After a bitter debate on the floor of the Illinois House in March, state Rep. Emanuel “Chris” Welch’s bill passed. It requires public companies headquartered in Illinois to have at least one woman and one African American on their boards of directors.
But one scholar says this bill won’t stand up in the courts. “It’s illegal in a lot of ways,” said Todd Henderson, a professor of law at the University of Chicago Law School who co-wrote the book “Outsourcing the Board: How Board Service Providers Can Improve Corporate Governance.” “The first way is that the general rule in the United States is that states get to write corporate law rules for companies that are incorporated there not where they have their headquarters.”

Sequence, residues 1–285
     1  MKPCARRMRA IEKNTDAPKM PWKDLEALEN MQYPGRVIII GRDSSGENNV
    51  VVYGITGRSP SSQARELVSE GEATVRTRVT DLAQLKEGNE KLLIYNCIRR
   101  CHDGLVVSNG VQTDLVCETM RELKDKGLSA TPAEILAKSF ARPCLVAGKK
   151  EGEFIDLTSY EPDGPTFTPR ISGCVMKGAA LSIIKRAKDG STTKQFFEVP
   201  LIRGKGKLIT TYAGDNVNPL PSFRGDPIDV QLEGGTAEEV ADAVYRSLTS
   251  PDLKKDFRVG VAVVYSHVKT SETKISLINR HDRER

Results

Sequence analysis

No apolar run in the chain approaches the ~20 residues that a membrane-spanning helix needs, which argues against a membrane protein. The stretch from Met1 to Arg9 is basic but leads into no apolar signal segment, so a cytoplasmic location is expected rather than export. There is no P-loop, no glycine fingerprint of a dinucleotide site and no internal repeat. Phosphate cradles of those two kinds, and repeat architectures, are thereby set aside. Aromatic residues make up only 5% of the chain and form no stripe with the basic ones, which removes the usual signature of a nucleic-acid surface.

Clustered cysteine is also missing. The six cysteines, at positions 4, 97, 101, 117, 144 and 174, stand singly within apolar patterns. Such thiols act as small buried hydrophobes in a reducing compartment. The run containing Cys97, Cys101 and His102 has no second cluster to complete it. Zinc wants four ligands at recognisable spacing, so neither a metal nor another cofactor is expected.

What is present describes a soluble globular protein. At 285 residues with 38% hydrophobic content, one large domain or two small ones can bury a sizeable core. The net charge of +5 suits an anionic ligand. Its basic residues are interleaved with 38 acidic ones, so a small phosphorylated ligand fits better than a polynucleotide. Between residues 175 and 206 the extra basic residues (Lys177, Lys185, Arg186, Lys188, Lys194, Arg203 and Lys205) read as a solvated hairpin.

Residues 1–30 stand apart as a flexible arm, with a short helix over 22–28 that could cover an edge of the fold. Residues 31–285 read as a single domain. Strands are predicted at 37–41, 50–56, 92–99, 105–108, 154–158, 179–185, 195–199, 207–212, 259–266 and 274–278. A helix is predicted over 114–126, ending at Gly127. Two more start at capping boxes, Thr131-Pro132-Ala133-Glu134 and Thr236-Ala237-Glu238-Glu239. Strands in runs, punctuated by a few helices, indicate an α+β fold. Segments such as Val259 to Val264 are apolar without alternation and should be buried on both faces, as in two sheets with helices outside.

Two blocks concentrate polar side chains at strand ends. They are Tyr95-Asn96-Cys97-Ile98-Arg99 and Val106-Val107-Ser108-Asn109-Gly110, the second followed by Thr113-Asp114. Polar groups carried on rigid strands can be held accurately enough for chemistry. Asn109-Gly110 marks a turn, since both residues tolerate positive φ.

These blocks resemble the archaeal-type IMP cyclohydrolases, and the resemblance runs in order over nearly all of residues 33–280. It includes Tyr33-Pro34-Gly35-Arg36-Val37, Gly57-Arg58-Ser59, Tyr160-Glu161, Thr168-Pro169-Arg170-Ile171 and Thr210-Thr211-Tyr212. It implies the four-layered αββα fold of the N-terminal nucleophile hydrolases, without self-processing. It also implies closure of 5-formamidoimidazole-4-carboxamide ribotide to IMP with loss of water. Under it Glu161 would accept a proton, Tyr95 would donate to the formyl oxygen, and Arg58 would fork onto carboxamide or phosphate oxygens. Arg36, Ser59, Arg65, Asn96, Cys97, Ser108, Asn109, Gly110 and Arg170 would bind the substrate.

“The other way that it’s illegal is it’s racial discrimination,” Henderson said. “It’s very easy to prove that you violate Title 7 or this constitutional standard of equal protection if a state requires you to do it. And this [Supreme] Court would strike it down as a racial quota -- especially this 5 to 4 conservative court with Justice Kavanuagh.”
“So it’s illegal both in a corporate law sense and also in a race quota sense,” he said.
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